Christmas Message from Brother James Butler, FSC
Wishing you and your family joy on Christmas and throughout the coming year.
Dear La Salle College High School Family,
As the Christmases add up in our lives, we probably find ways to distinguish one from another. One might be in the year of the big snowstorm, or that in which temperatures on Christmas Day hit 70 degrees. We might mark them by references to changes in family dynamics, the first with a new daughter-in-law or grandbaby, the first spent without a son and family who have moved to the west coast or a grandparent who has moved beyond places we can find with Google Maps.
For most of us, 2017 will be the first Christmas with Bitcoin, or perhaps more accurately, "Bitcoin consciousness." After all, Bitcoin has been around a while, but it has just drifted into awareness for most of us now that it has come to be traded on the futures markets in a couple of locations and now that its relative value has soared.
What is Bitcoin? Well, it's a cryptocurrency. That's hardly a helpful response. "What's that?" Well, one way of thinking about it is as "limited entries in a database that no one can change without fulfilling specific conditions." Huh? I'd certainly never invest in that. So, try this. Currency is always based on value. First, it was the value of precious metals. Soon it became the value of a central authority, typically a nation state or at least a central bank. With cryptocurrencies, actors have faith in a "consensus network" which agrees that Investor 1 has Bitcoin of n value, some portion of which he is free to transfer to Investor 2 in return for something bearing a mutually agreed upon value.
What? Isn't this supposed to be a Christmas letter? This sounds like one that should come have come out on the 30th anniversary of Black Monday a couple of months ago or one that would be better saved for Black Friday next year. Well, maybe, but don't overlook the connection. What thrills (or frightens depending on perspective) Bitcoin enthusiasts so much is that its value comes from a decentralized consensus network. Instead of trusting the probity of a particular government, investors trust two things: the network and mathematics.
This would be quite the jolly holiday epistle if I started discussing mathematics, so let's focus on that idea of a consensus network. Isn't that fundamentally what we have here at La Salle College High School, regardless of the perspective from which we join the network? Whether our commitment to this school spans four years or 40, belonging here tends to ensure that we emphatically concur that:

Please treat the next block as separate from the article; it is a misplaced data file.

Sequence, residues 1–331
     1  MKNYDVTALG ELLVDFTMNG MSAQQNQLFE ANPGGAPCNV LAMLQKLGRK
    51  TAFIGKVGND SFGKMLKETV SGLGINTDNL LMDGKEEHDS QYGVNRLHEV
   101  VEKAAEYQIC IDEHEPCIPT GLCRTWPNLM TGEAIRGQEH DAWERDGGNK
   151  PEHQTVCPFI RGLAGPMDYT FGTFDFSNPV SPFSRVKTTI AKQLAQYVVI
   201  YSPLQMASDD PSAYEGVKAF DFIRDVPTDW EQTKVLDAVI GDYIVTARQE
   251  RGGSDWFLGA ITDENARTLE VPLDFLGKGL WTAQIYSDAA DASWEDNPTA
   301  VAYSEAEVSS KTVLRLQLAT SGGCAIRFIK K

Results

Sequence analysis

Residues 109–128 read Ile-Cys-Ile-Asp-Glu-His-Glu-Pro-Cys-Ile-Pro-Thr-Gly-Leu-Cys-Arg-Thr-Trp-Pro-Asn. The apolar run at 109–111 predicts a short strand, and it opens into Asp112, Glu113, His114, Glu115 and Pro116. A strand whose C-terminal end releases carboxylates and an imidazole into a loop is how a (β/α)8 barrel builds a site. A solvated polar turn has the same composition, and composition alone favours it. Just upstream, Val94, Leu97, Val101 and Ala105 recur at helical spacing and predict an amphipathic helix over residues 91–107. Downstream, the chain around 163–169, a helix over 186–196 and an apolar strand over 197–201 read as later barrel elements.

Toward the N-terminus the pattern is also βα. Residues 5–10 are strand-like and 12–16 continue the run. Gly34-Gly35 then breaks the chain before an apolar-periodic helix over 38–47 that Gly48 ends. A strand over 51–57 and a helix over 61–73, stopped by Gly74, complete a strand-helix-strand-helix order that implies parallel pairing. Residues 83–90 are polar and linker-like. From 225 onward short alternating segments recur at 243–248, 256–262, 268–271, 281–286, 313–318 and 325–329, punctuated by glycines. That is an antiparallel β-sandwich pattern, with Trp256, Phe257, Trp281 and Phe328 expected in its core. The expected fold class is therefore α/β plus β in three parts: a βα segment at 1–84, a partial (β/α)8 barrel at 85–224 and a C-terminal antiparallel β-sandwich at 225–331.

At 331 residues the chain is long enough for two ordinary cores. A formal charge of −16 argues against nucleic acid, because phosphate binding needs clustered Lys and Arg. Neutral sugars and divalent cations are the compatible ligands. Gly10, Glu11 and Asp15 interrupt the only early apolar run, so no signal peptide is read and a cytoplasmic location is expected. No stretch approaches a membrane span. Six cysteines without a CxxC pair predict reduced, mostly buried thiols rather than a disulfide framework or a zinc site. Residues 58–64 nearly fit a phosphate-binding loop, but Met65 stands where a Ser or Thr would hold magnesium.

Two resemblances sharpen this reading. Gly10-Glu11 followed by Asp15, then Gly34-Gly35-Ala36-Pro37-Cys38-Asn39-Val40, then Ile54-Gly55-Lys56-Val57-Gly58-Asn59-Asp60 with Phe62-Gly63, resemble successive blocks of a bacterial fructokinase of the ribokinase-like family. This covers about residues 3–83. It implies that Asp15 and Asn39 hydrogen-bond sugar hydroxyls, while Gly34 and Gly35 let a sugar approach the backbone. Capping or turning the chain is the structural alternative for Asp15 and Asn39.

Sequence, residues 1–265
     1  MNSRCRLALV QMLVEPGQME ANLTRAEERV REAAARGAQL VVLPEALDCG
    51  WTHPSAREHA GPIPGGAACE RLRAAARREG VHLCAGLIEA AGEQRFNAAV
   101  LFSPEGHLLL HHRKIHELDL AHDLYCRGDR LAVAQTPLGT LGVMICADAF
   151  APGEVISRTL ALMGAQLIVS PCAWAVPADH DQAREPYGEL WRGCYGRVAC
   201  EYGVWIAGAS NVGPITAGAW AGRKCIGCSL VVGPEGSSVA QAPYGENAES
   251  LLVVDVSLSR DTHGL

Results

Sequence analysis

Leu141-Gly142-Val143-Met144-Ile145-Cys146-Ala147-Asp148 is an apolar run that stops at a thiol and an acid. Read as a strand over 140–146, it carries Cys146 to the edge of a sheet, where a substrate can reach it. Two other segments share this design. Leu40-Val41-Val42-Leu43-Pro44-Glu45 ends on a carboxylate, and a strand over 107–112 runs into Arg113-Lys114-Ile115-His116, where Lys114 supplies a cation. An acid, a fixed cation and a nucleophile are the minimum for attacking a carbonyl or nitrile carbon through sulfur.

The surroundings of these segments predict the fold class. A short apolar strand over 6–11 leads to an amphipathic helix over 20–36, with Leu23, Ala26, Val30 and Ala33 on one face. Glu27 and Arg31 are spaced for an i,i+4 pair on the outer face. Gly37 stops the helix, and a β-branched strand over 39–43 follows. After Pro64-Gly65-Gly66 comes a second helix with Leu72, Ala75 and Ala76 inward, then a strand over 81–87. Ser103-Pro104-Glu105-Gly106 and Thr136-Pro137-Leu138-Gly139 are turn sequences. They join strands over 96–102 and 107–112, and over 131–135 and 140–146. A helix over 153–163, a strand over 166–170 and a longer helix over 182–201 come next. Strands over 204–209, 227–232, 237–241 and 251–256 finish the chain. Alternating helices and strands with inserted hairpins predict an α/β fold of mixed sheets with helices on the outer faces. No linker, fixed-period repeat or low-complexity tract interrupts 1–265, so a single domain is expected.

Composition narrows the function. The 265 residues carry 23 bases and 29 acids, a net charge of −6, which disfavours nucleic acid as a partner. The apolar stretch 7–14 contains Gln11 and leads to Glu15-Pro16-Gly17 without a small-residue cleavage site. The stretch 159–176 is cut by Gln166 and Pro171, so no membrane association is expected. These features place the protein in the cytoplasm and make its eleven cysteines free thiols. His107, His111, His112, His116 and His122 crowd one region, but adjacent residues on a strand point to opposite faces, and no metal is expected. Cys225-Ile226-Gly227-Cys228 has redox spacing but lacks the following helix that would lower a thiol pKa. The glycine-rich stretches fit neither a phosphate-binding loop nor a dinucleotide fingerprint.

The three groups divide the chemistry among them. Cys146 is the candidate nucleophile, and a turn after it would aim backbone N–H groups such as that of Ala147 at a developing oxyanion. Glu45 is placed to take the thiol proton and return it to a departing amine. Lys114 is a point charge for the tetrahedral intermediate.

- The potential of young people is not something to take for granted, but something to invest in—whether you are a parent, a teacher, or someone who followed the same path in earlier times;
- The high school years are among the most influential in a man's life, whether he is going through them right now, or looking back on them from the perspective of 50 years out;
- That adults who function not as relentless taskmasters, not as reservoirs of erudition, not as chummy avatars of arrested development, but as wise older brothers and sisters, vigilant without being suffocating, prescient about what is to come without defining that future reality, are those best likely to form the character of that Christian gentleman we hold up as an ideal;
- That gentleness itself, however much it may be devalued in our recent national or global discourse, is a trait to be both respected and nurtured;
- That advantages, whether intellectual, athletic, economic, social, or psychological, are only given us for the general good, for the creation of community, to advantage the least advantaged, and, ultimately, to build up the Body of Christ;
- That the people surrounding a student at La Salle are not merely classmates, interchangeable seat-fillers assigned in forty-minute increments over four years. Rather, all are windows opening into the Presence of God, and many are destined to be brothers for life;
- That life, whether looked at from the perspective of 18 or 81 years, is not best viewed as project to be completed, battle to be won, or trial to be endured, but as Sacrament: a privileged encounter with the living God.
Such values are true throughout the year, of course, but at Christmas, our network focuses on a few other subjects of clear consensus:
- That God loves us enough to enter into our human reality, not only once for all in Bethlehem, but in the people we encounter and the events we participate in each day, people and events we may only make time to reflect on the significance of in the season of Christmas;
- That God loves us not based on how we shape up against some "centralized authority" defining the ideal for a married couple, the epitome of family relationships, or even a paragon of fidelity to the Catholic religious life, but just exactly as we are--flawed and bumbling, untidy and short-tempered, resentful and corner-cutting--loves us even while we're scraping the burnt edges of the crescent rolls off into the trash, because "where are you going to find someplace that sells this dough at 3:00 PM on Christmas Day?"
- That such careful salvage activity speaks not only of a poorly calibrated oven temperature. It speaks of love, love for that smorgasbord of personality quirks you call a family and call to your table this Christmas, the love of the Father who gave us His Son to share our lives and understand our experience, the love of a young woman who responded to the overwhelming and ineffable with the stunningly simple, "Be it done unto me according to your word."
Time will tell whether Bitcoin heralds the dawn of a new economy that some have predicted. Time has shown, however, that nothing in the history of joy compares with the transforming potential brought by that first Christmas day. May such joy be felt in your hearts and those of your families this Christmas morning...and Forever!
Brother James L. Butler, FSC